Some polyploid species show enhanced physiological tolerance to drought compared with their progenitors. However, very few studies have examined the consistency of physiological drought response between genetically differentiated natural polyploid populations, which is key to evaluating the importance of adaptive evolution after polyploidization in those systems where drought exerts a selective pressure.
Martínez et al. used a comparative functional approach to investigate differentiation of drought-tolerance-related traits in the Brachypodium species complex, a model system for grass polyploid adaptive speciation and functional genomics that comprises three closely related annual species: the two diploid parents, B. distachyon and B. stacei, and the allotetraploid derived from them, B. hybridum. They also analysed the Differentiation of drought-tolerance-related traits between ten genetically distinct B. hybridumpopulations and its ecological correlates.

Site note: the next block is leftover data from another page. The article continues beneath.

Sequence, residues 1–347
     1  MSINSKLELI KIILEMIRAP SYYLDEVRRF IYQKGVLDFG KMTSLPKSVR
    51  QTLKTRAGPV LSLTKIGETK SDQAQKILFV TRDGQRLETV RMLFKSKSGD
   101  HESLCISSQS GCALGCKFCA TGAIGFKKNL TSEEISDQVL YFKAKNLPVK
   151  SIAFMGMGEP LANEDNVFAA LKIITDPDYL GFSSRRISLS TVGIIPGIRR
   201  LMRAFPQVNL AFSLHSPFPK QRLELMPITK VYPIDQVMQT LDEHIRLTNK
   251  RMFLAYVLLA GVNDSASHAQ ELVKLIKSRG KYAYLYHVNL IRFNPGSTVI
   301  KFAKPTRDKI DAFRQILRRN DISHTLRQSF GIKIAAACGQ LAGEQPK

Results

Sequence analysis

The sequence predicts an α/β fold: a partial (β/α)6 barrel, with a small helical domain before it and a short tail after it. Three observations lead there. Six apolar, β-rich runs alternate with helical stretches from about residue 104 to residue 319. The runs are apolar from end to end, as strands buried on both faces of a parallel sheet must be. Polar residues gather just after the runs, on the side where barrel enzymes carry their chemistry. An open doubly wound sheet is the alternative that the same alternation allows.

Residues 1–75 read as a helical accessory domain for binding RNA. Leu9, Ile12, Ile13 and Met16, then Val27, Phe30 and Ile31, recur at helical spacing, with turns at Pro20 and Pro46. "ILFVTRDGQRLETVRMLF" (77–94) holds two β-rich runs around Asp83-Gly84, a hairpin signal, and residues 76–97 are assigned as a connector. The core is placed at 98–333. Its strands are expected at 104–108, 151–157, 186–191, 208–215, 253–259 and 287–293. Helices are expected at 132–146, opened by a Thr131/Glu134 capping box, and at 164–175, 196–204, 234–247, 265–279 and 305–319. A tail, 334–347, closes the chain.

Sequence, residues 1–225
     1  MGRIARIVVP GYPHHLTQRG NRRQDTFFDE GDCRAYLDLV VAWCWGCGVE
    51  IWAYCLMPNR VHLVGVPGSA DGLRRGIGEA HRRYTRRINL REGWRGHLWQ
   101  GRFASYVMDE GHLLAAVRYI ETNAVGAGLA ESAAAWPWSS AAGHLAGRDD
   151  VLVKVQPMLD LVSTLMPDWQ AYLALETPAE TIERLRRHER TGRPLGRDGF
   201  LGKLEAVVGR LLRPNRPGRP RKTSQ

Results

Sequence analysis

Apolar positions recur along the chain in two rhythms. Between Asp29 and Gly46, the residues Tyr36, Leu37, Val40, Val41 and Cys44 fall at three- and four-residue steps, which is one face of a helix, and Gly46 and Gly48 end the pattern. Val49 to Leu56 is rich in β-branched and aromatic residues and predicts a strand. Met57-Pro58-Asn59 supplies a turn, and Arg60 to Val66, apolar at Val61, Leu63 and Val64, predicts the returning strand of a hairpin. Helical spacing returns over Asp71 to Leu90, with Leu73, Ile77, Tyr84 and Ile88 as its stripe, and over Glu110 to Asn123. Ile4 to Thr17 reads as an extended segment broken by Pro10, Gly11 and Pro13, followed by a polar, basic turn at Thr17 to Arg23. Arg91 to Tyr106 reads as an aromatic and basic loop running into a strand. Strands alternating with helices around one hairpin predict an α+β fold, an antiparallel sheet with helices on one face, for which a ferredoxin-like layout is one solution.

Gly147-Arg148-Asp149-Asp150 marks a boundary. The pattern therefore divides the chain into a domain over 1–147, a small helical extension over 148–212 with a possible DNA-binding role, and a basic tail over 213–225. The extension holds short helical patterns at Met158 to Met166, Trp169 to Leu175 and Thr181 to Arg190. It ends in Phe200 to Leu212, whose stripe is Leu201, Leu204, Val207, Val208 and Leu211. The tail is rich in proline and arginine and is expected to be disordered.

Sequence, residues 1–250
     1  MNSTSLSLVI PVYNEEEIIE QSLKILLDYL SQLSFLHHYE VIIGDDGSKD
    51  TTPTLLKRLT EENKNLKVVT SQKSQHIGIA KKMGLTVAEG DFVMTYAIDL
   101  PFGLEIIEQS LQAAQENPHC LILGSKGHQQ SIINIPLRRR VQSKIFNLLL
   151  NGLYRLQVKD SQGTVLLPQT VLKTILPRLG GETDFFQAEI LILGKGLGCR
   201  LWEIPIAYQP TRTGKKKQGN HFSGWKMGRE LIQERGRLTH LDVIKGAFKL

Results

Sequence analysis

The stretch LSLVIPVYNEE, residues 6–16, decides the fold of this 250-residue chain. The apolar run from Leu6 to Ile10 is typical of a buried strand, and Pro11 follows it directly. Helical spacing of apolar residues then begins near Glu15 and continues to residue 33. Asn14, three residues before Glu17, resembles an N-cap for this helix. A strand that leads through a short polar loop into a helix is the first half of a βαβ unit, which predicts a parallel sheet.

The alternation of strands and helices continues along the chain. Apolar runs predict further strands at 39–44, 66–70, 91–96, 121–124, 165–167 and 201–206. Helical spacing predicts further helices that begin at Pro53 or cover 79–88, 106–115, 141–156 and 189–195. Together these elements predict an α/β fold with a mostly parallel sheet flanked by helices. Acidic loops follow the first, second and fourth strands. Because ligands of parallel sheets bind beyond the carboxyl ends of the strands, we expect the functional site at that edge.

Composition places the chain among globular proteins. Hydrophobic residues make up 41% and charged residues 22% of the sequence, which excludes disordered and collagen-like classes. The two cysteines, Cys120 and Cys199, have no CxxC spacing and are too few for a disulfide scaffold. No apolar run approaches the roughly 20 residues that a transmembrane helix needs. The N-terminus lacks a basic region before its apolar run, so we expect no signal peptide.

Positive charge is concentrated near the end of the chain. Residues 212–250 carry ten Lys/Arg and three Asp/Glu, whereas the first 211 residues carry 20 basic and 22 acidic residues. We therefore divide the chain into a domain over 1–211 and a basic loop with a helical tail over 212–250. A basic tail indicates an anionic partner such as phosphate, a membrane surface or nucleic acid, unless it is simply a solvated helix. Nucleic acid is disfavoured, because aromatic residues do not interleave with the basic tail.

The authors found the functional drought response is overall well differentiated between Brachypodium species. B. hybridum allotetraploids showed a transgressive expression pattern in leaf phytohormone content in response to drought. In contrast, otherB. hybridum physiological traits correlated to B. stacei ones. Particularly, proline and water content were the traits that best discriminated these species from B. distachyon under drought.
The authors conclude: “Here we have shown that part of the drought response of allopolyploids is transgressive, which is concordant with the expected benefits derived from ancient heterosis for allopolyploids. On the other hand, we have also demonstrated that, at species level, B. hybridum leaf-level functional responses to water stress are essentially correlated to one of its ancestors, B. stacei, which concurs with post-polyploidization adaptive evolution.”